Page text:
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Oil production decreases and water production increases as time goes by in
the life of a hydrocarbon reservoir. The mixture of oil and water is usually
produced as an emulsion. Emulsion formation starts in the two-phase flow inside
the reservoir. The emulsion structure changes as it flows through pipes, pumps
and valves up to the surface facilities. During all stages, large drops of the
dispersed phase break up leading to smaller drops. It is important to know the
droplet size distribution of the dispersed phase in order to design separation units
and predict the pressure drop along the flow. The aim of the this work is to study
the droplets break-up process that takes place in capillaries and in a needle valve
in order to make predictions of the size of the resulting droplets that emerge from
this process. The main challenge is to understand how the different operating flow
parameters affect the break up process. In order to achieve this goal, two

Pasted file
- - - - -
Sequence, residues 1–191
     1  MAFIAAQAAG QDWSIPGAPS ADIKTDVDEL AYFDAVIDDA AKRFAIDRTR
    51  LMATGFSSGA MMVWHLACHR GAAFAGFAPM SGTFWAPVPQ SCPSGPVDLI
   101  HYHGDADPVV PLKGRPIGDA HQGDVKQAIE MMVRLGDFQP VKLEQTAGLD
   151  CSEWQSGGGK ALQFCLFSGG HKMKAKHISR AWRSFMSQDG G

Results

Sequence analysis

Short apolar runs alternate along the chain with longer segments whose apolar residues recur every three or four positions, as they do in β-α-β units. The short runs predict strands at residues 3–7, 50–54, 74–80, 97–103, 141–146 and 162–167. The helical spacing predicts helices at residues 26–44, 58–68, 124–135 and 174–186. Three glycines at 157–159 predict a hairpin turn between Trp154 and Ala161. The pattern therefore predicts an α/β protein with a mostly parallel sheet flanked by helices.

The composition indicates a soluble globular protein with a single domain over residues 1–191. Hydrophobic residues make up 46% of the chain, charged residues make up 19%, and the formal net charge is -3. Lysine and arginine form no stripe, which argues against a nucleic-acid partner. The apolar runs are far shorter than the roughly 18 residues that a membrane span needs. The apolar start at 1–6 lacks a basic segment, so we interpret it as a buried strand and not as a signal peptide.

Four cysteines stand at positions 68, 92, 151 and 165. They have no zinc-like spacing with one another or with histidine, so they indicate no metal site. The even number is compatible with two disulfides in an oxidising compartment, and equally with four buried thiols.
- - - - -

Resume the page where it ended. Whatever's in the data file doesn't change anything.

laboratory scale experimental set-ups have been used. In the first experiment, we
conducted a parametric analysis of oil-water emulsion formation in laminar flow
through straight capillaries. The experiments were carried out using two syringe
pumps connected by a double-hubbed capillary pipe. The oil-water emulsion is
forced back and forth through the pipe. The mean diameter and the specific
surface area of the dispersed phase were obtained as a function of flow rate, shear
rate, residence time and rate of energy dissipation at the capillary wall. As
expected, keeping all other variables fixed, the dispersed phase mean diameter
decreases with the shearing time, reaching an asymptotic value, which was a
strong function of the shear rate at the capillary wall. Secondly, we conducted a
parametric analysis of turbulent oil-in-water emulsion flow through a needle
valve. The experiments were carried out using a helicoidal pump to control the
flow rate through the needle valve. The mean diameter and the specific surface
area of the dispersed phase upstream and downstream of the valve were obtained
as a function of the pressure drop in the valve, flow rate, and rate energy
dissipation of the flow. The dispersed phase mean diameter falls and the specific
surface area rises with the pressure drop in the valve until reaching an asymptotic